where c is the intercept of the regression line, which is found close to zero. The slope of the regression line could be a characteristic constant of tumor growth within a certain species. From a biological point of view, this characteristic constant could be associated to the carrying capacity K, following the relation K = V0exp(k), where V0 is the initial volume of the tumor. As previously

re-marked by [6], this result might be supported by the fact that a particular species is able to support a tumor of a certain maximum size.

Biological interpretation in terms of the proliferation rate. By defini-tion, the parameter α is equal to the specific growth rate at the time of injec-tion. Assuming that the cells do not change their proliferation kinetics when implanted, this value should thus be equal to the in vitro proliferation rate (sup-posed to be the same for all the cells of the same cell line), denoted here by λ. The value of this biological parameter was assessed in vitro and found equal to 0.929 [3]. Confirming our theory, we indeed found estimated values of α close to λ(fixed effects of 0.713), although strictly smaller in the majority of the cases (Figure2A). This difference could be explained by the fact that not all the cells “take” when grafted in an animal. Denoting by ˆVi

cells, our assumption would rather be expressed as:

λ= αi_{− β}i_{log} ˆV0i

V0

! > αi,

which was confirmed in our observations.

Population analysis of the reduced Gompertz model. The high corre-lation among the Gompertz parameters, combined to the biological rationale explained above, suggested that a reduction of the degrees of freedom could im-prove identifiability of the parameters and yield a simpler model. Considering the relation in (7), and assuming c negligible, we thus propose the following reduced Gompertz model VR(t; β, k):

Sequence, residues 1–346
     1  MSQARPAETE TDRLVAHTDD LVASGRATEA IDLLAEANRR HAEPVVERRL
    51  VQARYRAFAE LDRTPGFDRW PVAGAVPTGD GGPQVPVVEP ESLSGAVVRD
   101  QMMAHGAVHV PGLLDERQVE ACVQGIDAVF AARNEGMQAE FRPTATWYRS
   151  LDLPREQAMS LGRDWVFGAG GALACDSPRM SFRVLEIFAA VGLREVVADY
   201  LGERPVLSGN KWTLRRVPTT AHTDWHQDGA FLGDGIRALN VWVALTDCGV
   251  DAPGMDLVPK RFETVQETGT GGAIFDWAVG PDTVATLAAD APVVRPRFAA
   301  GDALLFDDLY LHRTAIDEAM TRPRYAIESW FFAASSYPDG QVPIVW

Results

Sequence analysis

dVR
dt = β
i_{k − β}i_{log} VR
V0
, i= 1, ..., N (8)
where β has mixed effects, while k has only fixed effects, i.e. k is constant within
the population.

Figure 2 shows the results relative to the population analysis performed with Monolix. We noticed a good description of the population (Figure 2B) and of the individual trends (Figure 2C) even if only one parameter has mixed effects. Moreover, the residuals are symmetrically distributed around zero (Figure 2D). Table 1 shows the statistical indices of the 1-d Gompertz model. Comparing these values with the other equations we noticed that the reduced model performes well compared to the other growth curves. Moreover, we obtained an excellent identifiability of the parameters (Table 2).

3.3 Prediction of the time since tumor initiation

We then studied the relative performances of the reduced Gompertz and the Gompertz models for the problem of predicting the initiation time from the three last measurements using Bayesian inference. For a given animal i, we consider as first observation yi

ni_{−2} and tried to predict t

i

ni_{−2}. Initial conditions were not
considered equal to the number of injected cells anymore but rather to yi

ni_{−2}.
The value ti

pred was defined as the time when the median value of the posterior

predictive distribution of ˜y(u) reached V0.

Different data sets were used for learning the priors (training sets) and for
mak-ing predictions (test sets) by means of k-fold cross validation, with k equal to the
total number of animals of the dataset (k = N ). At each iteration we computed
the parameters distribution of the population composed by N − 1 individuals
and used this as prior to predict the initiation time of the excluded subject i.